Publication Date February 1, 2018

An urgent crisis of leadership, climate, and water is unfolding in South Africa

South Africa
Dead trees sit inside the Theewaterskloof dam in Cape Town. Photo: Mother Jones

Cape Town is headed for unknown territory. After years of drought, the city of 4 million on the Western Cape of South Africa is facing an unprecedented disaster: Unless a major rainstorm occurs, officials are predicting that on or around April 12 the city’s water supply will run dry. After that, most residents will have to stand in line at designated areas to get their rations of water. 

The crisis has been caused by the intersection of global warming with, as some critics charge, poor planning by government officials. Though the city tried to several methods to prevent this catastrophe, they are preparing for the worst. “We have reached a point of no return,” Mayor Patricia de Lille said in a statement in January. If there is no rain, Cape Town will be the first major city in the world to run out of water, but it probably won’t be the last. Thanks to climate-fueled droughts, water shortages will likely become a widespread global problem in the coming decades.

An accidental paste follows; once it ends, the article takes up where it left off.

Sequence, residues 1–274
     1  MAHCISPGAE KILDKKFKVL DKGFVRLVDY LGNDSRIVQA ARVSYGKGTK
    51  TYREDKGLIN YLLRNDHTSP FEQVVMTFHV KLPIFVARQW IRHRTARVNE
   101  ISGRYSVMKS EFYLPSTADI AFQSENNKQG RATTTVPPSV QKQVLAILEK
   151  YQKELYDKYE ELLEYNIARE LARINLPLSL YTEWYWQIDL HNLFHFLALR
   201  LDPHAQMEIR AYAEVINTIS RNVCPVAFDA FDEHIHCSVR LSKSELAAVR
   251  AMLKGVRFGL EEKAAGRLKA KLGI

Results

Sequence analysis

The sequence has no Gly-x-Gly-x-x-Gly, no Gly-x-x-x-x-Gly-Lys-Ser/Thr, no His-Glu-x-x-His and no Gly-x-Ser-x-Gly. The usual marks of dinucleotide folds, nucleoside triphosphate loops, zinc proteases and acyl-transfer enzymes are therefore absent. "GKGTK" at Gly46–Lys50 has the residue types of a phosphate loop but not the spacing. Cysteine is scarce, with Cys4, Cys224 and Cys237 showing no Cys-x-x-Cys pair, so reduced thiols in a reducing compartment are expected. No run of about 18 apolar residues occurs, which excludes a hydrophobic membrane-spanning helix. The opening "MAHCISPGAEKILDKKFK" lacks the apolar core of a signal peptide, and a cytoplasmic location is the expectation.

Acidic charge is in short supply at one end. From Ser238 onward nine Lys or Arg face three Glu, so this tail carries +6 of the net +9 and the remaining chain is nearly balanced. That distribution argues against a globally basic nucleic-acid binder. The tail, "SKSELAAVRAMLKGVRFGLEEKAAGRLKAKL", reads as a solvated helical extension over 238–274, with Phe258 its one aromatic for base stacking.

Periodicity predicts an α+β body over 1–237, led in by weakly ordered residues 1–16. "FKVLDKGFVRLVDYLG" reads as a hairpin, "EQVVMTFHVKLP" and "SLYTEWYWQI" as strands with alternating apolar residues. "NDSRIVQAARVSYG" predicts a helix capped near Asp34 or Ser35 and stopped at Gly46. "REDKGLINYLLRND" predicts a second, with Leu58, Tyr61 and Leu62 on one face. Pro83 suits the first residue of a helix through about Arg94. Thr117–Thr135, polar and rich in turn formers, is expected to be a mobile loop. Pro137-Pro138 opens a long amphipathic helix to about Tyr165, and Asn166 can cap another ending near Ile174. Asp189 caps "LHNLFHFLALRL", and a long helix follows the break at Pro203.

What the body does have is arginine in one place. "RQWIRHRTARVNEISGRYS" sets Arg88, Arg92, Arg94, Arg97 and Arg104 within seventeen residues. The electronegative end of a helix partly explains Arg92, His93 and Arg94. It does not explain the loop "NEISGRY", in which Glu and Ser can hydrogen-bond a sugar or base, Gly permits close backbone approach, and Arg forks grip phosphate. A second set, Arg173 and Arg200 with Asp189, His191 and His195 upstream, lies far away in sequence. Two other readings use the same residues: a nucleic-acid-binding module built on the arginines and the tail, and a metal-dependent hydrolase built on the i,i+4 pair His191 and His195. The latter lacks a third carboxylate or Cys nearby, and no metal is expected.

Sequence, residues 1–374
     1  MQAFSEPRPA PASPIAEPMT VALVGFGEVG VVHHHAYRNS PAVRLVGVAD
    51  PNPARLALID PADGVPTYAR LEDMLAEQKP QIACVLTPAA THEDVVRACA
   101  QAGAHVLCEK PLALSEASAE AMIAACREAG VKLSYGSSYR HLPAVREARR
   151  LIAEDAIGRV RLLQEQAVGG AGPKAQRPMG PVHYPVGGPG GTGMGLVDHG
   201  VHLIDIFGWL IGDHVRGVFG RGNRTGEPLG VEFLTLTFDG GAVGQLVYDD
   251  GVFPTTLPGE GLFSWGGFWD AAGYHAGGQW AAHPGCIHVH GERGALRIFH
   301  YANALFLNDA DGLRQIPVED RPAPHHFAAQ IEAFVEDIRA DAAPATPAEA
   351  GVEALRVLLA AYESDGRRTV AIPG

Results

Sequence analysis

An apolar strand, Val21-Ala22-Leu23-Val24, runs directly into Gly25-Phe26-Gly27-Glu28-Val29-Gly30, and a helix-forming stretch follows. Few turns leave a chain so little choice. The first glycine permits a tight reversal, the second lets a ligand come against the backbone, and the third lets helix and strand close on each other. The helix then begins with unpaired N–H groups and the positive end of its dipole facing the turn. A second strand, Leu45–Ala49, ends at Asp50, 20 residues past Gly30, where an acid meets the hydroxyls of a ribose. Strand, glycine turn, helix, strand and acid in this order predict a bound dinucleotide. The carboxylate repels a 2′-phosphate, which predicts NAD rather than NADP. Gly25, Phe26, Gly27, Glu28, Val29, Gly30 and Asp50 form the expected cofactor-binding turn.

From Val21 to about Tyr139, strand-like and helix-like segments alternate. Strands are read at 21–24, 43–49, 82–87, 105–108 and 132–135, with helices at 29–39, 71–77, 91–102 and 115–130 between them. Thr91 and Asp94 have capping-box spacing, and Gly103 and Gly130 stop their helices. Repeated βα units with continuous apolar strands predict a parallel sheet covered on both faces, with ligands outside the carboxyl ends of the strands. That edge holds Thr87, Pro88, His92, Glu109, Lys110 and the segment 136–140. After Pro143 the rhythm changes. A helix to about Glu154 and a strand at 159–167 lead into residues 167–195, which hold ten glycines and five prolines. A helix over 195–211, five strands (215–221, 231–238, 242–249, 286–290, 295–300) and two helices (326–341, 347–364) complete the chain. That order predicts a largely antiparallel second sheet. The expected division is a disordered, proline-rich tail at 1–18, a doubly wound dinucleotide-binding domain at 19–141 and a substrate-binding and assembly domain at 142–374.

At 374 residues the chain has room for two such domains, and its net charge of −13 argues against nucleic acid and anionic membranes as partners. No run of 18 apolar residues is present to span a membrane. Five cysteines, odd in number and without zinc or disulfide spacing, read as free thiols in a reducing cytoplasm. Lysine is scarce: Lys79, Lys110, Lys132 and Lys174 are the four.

So, how did Cape Town get to this point? For years, South African government officials have warned the city about its looming problems, especially because Cape Town relies so heavily on on rain to supply its water. With its rainy season typically running from May through September, rainfall has been minimal since 2015 when the drought began. In 2016, the city’s dams were 78 percent full. By 2017, that number had dropped to 49 percent. Today, reservoirs are only a dismal 27 percent full. To make matters worse, the last 10 percent of the water in the dam is unusable.